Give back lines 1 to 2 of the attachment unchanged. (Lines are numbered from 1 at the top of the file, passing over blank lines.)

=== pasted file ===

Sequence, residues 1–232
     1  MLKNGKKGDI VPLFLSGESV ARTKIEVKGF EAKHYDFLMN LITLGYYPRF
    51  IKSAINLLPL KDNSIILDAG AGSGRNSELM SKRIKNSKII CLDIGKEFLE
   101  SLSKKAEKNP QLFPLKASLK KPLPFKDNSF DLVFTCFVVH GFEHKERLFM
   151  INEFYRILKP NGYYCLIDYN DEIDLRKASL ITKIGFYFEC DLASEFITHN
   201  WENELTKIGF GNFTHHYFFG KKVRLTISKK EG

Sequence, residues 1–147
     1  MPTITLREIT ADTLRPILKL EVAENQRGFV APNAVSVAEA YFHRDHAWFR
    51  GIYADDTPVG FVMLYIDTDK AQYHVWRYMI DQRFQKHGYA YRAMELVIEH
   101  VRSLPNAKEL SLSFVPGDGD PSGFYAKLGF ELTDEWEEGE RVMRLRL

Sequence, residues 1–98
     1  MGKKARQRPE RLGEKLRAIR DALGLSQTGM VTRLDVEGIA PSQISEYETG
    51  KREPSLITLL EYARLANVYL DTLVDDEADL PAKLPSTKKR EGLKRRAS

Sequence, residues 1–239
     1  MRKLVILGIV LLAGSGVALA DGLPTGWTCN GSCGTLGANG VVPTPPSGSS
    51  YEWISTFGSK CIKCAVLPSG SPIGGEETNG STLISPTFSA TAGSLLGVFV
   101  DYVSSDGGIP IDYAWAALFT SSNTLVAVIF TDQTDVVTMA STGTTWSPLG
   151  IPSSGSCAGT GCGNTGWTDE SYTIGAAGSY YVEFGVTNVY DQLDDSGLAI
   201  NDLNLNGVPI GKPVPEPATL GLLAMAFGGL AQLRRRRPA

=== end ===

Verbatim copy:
Sequence, residues 1–232
     1  MLKNGKKGDI VPLFLSGESV ARTKIEVKGF EAKHYDFLMN LITLGYYPRF